Smart Enough To Vote

If people can't be trusted to make wise decisions as customers, they can't be trusted to make wise decisions as voters either. Which is the main reason why democratic reactions intended to regulate market transactions are fundamentally misguided. Donald Boudreaux sends this message to one of those failures of democracy, an elected official:

Because, by introducing this bill, you show that you obviously regard most Americans to be utter imbeciles, you surely cannot fancy that your election to the Senate is the result of a wise, or even defensible, judgment by Florida voters. These people, after all, are among those whom you regard as incapable of sensibly choosing among competing telephone calling-cards.

If you're correct about the (lack of) intelligence of ordinary Americans, then you and other members of Congress owe your political success only to what you, as revealed by your words and actions, believe to be the intractable stupidity of your fellow citizens - which prompts me to ask: Why should anyone take you seriously?

This case is a perfect example of what Roderick Long was talking about in his AotP post: the government raises the barriers to entry, claiming that it will help protect consumers, but having the opposite effect of reducing competition and protecting entrenched business interests:

One especially useful service that the state can render the corporate elite is cartel enforcement. Price-fixing agreements are unstable on a free market, since while all parties to the agreement have a collective interest in seeing the agreement generally hold, each has an individual interest in breaking the agreement by underselling the other parties in order to win away their customers; and even if the cartel manages to maintain discipline over its own membership, the oligopolistic prices tend to attract new competitors into the market. Hence the advantage to business of state-enforced cartelisation. Often this is done directly, but there are indirect ways too, such as imposing uniform quality standards that relieve firms from having to compete in quality. (And when the quality standards are high, lower-quality but cheaper competitors are priced out of the market.)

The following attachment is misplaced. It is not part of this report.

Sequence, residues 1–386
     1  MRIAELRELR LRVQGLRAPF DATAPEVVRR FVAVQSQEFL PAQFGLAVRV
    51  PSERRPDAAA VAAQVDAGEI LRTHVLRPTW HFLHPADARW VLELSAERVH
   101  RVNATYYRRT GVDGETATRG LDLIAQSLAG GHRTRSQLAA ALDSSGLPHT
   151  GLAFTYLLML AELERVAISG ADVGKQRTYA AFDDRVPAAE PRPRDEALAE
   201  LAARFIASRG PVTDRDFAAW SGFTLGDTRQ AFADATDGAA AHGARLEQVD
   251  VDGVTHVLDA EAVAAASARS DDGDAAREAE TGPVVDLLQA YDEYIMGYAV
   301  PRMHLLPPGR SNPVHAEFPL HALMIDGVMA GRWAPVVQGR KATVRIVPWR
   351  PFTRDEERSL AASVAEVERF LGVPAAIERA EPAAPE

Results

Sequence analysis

The ability of colossal firms to exploit economies of scale is also limited in a free market, since beyond a certain point the benefits of size (e.g., reduced transaction costs) get outweighed by diseconomies of scale (e.g., calculational chaos stemming from absence of price feedback) – unless the state enables them to socialise these costs by immunising them from competition – e.g., by imposing fees, licensure requirements, capitalisation requirements, and other regulatory burdens that disproportionately impact newer, poorer entrants as opposed to richer, more established firms.

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"If people can't be trusted

"If people can't be trusted to make wise decisions as customers, they can't be trusted to make wise decisions as voters either."

Nice. Ilkka over at The Fourth Checkraise links a lot to folks that point out small connections that smack you in the forehead as obvious, and that'd you'd wish you'd put together on your own already. That's one of them.